The Power of Words

I’m memorizing Psalm 139. One of my long time favorite verses is in the middle of the song.

Before a word is on my tongue, you know it completely, Oh Lord.

I’m a thoughtful speaker and I almost always think before I speak. I hardly ever speak without thinking, though it does happen occasionally and usually at the most awkward moments.

Anyway, I like knowing that God knows what I’m going to say before I do. I like feeling that God has blessed and used my words to edify, instruct, comfort, encourage, maybe eve bless someone.

One of the five love languages is Affirming Words. One of my family member’s love language is this one. I’ve seen her sit up straighter and begin to glow when I express pride in her. She visibly brightens, like water on a parched lily, when she receives encouraging words.

A friend recently reminded me of something I’d said when she expressed frustration. She said it was so encouraging and she savored it for a long while. I have no memory of it.

Forget God knowing the words. This is when He gave the words, knowing someone needed them.

Today I’m praying for: the Birthday Girl (Happy 29, Amber!), Christine, Tim LaHaye, VBS, and Joyce.

Currently reading: The Historian (sloooow and literary but good. I think I’ll really enjoy once the pace picks up a bit) and Another Way Home by Christa Parrish. Loving them both.

Last movie: One Night With the King – good attempt to bring a Biblical historical story to life.



I’m pretty good with electronics and wires and gadgets. Except for the recent Wii troubles which we will no longer refer to.

I’ve been writing blog posts and I thought I was scheduling them for future posting.

Apparently not.

So, if something shows up that seems to be random, it’s probably out of order.

This will be a trial. I’m going to schedule it for a couple of days in the future.

We shall see. I’m not holding my breath. But I may have my fingers crossed.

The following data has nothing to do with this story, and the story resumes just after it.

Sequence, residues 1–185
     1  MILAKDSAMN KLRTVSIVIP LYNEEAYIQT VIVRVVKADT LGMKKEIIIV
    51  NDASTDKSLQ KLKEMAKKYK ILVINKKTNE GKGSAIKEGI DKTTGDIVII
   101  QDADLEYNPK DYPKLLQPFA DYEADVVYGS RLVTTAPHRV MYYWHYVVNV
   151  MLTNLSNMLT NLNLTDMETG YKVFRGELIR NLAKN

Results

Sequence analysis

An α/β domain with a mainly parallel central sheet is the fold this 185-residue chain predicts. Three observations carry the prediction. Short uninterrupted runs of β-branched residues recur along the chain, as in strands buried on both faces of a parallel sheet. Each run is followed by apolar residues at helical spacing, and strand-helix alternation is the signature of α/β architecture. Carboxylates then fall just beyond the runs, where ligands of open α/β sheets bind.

I Don’t Know What I Don’t Know

A friend has a favorite saying: People don’t know what they don’t know.

Sometimes a piece of writing is declined with the comment, “Not quite ready for publication.” My first response is always, “Tell me what’s wrong and I’ll fix it.” But that supposes I have the skills and knowledge to fix it.

I’m starting to see that I don’t know what I don’t know when it comes to writing and crafting fiction. I know a whole lot more than I used to. And I’m learning more all the time. But it’s becoming comical because the more I learn, the more I see there is to learn and the more I feel I will never learn enough to be able to write publishable fiction.

Which is not true. I’ve published non-fiction and short fiction. I’ve won contests and awards. I can do it. It’s just hard darned work. And it takes time.

I’ve heard writing teachers say that writers have to write a million words before they write publishable words.

In Outliers by Malcolm Gladwell, he states that it takes 10,000 hours of practice to become world class at anything.

I’m about 750,000 words and 7,500 hours into this. I’m close. I just have to keep working and learning and writing.

If only I knew what I didn’t know, I’d know what to focus on.

Today I prayed for: Amber, Taryn, Evelyn, Katie, and Bud Paxson

Currently reading: Between books. Maybe The Historian or … 


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Is the Book Better Than The Movie?

I loved My Sister’s Keeper by Jodi Picoult.

WARNING: SPOILERS AHEAD!!! Don’t blame me if you keep reading then learn something you wished you hadn’t.

Anyway, where was I?

Oh, yes. The novel ending is possibly the most talked about since the Richard Gere/Jodie Foster movie Sommersby (hated that one, by the way).

Lots of people I’ve talked to hated the ending of the book and I’ve always defended it. It’s the only way it could end and keep us liking both Anna and Kate.

The movie changed it completely, a different sister dies. And I don’t think it’s nearly as compelling or satisfying.

When Anna died in the book, it was completely random, much like life. It wasn’t anyone’s fault. In her death, she was able to do that which she couldn’t accomplish while she was alive: save her sister.